Va. panel obtains gunman's records

RICHMOND, Va."" A state panel investigating the Virginia Tech shootings obtained a tape recording and transcripts of gunman Seung-Hui Cho's mental health hearing by court order Tuesday.

Gerald W. Massengill, the former state police superintendent who chairs the panel, said two members will listen to the tape and review the written records and report to the full panel at its next meeting July 18.

The panel Gov. Timothy M. Kaine appointed to investigate the April 16 shootings had been stymied in its efforts to obtain Cho's mental health and education records because of state and federal privacy laws.

Kaine signed an executive order Monday clarifying the powers of the eight-member panel and instructing the university and other public institutions to provide it with Cho's academic and health records to the extent allowed by law.

Kaine spokesman Kevin Hall said privacy laws still could impede the panel, but the executive order "gives them the legal authority to go into the court system and argue for access."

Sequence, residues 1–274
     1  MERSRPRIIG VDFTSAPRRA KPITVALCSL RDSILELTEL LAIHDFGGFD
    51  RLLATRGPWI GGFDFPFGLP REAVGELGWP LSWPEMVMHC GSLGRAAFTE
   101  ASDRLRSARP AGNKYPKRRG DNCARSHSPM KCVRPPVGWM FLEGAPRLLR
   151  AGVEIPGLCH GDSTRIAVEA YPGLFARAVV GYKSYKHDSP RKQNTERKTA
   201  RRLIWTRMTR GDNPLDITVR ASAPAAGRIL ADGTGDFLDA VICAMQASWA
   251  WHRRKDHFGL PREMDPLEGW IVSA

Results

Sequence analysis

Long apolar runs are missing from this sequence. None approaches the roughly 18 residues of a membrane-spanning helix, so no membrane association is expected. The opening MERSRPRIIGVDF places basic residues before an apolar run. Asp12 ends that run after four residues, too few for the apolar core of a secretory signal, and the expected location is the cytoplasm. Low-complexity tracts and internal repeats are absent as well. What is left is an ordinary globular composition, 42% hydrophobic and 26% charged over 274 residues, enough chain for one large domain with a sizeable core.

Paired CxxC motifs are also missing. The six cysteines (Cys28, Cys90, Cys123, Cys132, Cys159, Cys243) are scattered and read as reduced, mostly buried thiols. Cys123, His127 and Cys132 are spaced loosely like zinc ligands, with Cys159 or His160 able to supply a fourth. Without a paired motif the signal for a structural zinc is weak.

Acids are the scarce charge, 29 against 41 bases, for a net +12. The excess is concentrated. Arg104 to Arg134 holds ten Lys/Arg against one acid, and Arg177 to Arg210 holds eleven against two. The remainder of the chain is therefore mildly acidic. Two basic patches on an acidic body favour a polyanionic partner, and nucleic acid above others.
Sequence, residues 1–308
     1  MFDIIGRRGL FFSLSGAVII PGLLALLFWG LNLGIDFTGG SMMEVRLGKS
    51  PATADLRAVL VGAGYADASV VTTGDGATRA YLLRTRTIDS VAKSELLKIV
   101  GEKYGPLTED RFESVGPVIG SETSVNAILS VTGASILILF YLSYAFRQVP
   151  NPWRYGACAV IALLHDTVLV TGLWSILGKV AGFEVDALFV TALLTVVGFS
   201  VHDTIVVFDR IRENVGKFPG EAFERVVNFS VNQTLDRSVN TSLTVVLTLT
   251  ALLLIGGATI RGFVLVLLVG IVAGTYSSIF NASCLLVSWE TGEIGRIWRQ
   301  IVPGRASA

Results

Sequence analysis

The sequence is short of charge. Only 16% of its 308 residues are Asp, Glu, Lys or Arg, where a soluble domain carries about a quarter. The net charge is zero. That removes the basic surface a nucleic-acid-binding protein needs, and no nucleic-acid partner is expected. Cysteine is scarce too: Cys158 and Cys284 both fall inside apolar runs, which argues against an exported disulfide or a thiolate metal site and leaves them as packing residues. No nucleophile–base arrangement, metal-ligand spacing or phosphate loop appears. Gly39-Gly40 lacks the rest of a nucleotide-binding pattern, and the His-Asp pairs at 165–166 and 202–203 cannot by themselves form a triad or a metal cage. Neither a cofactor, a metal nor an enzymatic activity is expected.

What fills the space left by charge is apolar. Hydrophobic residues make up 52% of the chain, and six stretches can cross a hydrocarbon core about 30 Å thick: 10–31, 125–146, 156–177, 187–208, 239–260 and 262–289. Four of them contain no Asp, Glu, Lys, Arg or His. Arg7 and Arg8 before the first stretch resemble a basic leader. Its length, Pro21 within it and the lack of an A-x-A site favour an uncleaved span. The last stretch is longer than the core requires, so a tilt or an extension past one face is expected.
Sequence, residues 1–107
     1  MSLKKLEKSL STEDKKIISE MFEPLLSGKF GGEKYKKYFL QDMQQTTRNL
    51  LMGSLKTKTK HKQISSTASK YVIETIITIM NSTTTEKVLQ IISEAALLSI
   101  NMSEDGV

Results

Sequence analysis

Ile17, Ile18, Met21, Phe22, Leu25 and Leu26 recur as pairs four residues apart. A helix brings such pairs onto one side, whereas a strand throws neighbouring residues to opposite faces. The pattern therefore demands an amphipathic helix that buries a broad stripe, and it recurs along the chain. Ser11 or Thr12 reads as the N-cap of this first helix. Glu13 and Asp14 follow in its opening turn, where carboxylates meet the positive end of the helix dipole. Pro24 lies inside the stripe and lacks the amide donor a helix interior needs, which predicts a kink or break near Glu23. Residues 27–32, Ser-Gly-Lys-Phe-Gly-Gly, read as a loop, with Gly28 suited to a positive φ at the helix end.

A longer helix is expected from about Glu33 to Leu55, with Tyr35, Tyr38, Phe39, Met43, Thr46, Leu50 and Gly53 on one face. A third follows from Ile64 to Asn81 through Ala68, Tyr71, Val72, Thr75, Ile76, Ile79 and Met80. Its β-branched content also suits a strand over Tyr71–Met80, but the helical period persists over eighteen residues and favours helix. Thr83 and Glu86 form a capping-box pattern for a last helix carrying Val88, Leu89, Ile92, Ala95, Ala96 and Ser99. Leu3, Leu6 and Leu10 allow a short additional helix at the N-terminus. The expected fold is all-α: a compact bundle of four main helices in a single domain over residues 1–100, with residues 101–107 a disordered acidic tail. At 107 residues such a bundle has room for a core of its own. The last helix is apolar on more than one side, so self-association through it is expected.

With the executive order in hand, the panel's lawyers were able to get Montgomery County General District Court Judge Randal J. Duncan to grant a motion Tuesday to release the audio tape and records.

In the court order, Duncan said the panel "was clothed with authority for appropriate oversight of the Virginia Mental Health Care System" by the governor's directive.

A special justice who conducted a hearing on Dec. 14, 2005, ruled Cho was a danger to himself, but not others, and ordered him to get outpatient treatment. There has been no indication that Cho, who killed 32 people before committing suicide, ever received the treatment.

Virginia Tech has already given Cho's school counseling records to the panel after getting permission from Cho's family. The panel also wants Cho's college and high school scholastic records.

Kaine's executive order allows the panel to ask his office or the Virginia Crime Commission to use their subpoena powers to obtain records. He said the materials will be classified as governor's "working papers," which are exempt from the state's open-records law.

Virginia Tech spokesman Larry Hincker said he had not yet spoken with the university's lawyers about how the school will respond to Kaine's directive.

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